Alternate names: Krynica [Pol], Krenitz, קריניצה זדרוי [Yid], Krynica-Zdrój, Krinitza, Krynica Górska, Hebrew. 49°26' N, 20°58' E, 18 miles SE of Nowy Sącz, near the Slovak border. Słownik Geograficzny Królestwa Polskiego (1880-1902), IV, pp. 754-756: "Krynica". Jews lived in Krynica at the end of the 18th century, but a significant development of Jewish settlement occurred in the first half of 19th century. Called "the pearl of Polish spas", Krynica lies on the hills along the valley of the Kryniczanka stream at the eastern end of the Beskid Sadecki range. The spa's history dates back to the 18th century, when the first spa houses were built with historical wooden and brick architecture including pump-rooms, an indoor promenade with a winter garden, and a theatre complex. Many local Jews worked with patients arriving in the city. At the same time, two synagogues were built. Particularly rapid Jewish population growth occurred in 19th and early 20th century. In 1860 and 1880, 30 Jews lived there. In 1870, they were under the Nowy Sacz kahal; and in 1890, 362 Jews lived there. In 1921, 43% were Jewish, 1,023. As a result of the difficult economic situation, the number of Jews had diminished from peak presence. After occupation of the city by the Nazis in 1939, the Jewish population suffered serious repression including forced labor and restricted movement. In the fall of 1940, Krynica Jews were deported to ghettos in Grybów and Nowy Sacz. Most did not survive.[May 2009]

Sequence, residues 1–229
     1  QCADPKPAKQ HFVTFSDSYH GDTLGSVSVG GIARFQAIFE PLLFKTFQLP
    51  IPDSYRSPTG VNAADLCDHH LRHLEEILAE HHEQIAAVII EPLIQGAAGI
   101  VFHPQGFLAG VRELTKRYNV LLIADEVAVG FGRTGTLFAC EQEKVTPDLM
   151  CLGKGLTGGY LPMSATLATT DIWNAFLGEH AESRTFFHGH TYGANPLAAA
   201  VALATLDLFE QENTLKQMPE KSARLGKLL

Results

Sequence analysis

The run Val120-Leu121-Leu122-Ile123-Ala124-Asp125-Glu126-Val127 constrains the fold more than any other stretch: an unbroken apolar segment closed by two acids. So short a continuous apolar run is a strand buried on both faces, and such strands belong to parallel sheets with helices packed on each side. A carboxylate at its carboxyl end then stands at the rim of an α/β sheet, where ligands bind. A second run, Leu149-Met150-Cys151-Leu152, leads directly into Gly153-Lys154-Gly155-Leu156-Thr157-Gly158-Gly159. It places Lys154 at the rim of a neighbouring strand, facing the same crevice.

US Commission No. POCE000744
Krynica is located in Nowy Sacz at 49°26' 20°58', 40 km from Nowy Sacz. Cemetery location: ul. Kolejowa. Present town population is 5,000-25,000; under 10 Jews.
Piotr Antoniak, ul Dobra 5 m 36, 05-800 Pruszkow completed survey 10 Sept 1992 and visited site 17 Aug 1992.
BOOK: Gruber, Ruth Ellen. Jewish Heritage Travel A Guide to East-Central Europe. New York: John Wiley & Sons, Inc., 1992. p. 76
|Last Updated on Thursday, 11 June 2009 02:43|